7

Samba has its own layer of access control for each share. There are two basic options read only: by default every share is read-only, regardless of filesystem permissions, writeable: in order to allow write access you should set writeable = Yes. This should be enough to solve the problem. But if you'd like to learn more about Samba permissions, like how ...


6

Alternately , you can also use USB Drive for transferring data. If you are unable to see your data from Windows.


6

I suggest you use bindfs. bindfs allow multiple local users to read and write (create, delete, rename, modify...) all files (including newly created ones) from a shared directory and its subdirectories. You can specify users by user name or group, it is very flexible. See - Ubuntu wiki bindfs


6

I think you need to use the following parameters: # I changes the permissions to rw-rw-r-- # You should be able to change them to 775 if you need the files to # be executable create mask = 664 force create mode = 664 security mask = 664 force security mode = 664 # I set the SGID flag here as I thought this is what you wanted # You could change to 0775 ...


6

Create a Samba share with Nautilus This is probably the easiest way. In nautilus right click on the hard drive in question In the resulting context menu click Properties There select the tab Share Check the box Share this folder Optionally you can check any of the other boxes Click Create Share The first time you do this, you will be asked if you want ...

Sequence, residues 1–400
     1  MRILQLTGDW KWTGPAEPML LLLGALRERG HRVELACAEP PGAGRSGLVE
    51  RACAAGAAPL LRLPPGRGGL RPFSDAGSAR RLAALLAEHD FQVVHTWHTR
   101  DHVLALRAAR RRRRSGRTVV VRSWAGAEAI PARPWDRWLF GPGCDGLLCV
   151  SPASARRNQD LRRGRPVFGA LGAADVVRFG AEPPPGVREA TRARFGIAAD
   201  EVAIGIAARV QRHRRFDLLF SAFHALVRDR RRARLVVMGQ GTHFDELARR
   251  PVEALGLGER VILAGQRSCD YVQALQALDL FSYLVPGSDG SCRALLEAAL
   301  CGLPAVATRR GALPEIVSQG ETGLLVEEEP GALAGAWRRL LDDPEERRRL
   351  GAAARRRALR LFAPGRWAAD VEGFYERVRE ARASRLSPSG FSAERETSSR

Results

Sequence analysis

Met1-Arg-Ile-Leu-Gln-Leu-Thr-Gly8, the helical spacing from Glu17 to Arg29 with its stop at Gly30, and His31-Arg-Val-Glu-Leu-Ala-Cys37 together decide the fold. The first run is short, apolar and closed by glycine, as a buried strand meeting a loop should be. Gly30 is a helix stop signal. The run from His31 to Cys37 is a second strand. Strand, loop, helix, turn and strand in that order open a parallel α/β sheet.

6

assuming you have installed samba, on the command line, you can explicity list all shares on a given host with this command smbclient -L <hostname> -U cashew -U is the username option This command might be helpful, when nautilus might not list all hosts and shares that are in fact available. Connect to a SMB share with smbclient //server/share ...


5

well you can do that with samba file server. you can install it by sudo apt-get install samba First, edit the following key/value pairs in the [global] section of /etc/samba/smb.conf: workgroup = EXAMPLE ... security = user The security parameter is farther down in the [global] section, and is commented by default. Also, change EXAMPLE to ...


5

The new nautilus in 13.04 (raring) no longer shows a place to enter connection credentials. This makes it really hard to connect if you don't know the URI syntax. You can find help for the SMB URI syntax at Wikipedia. Basically, use one of these URIs: ...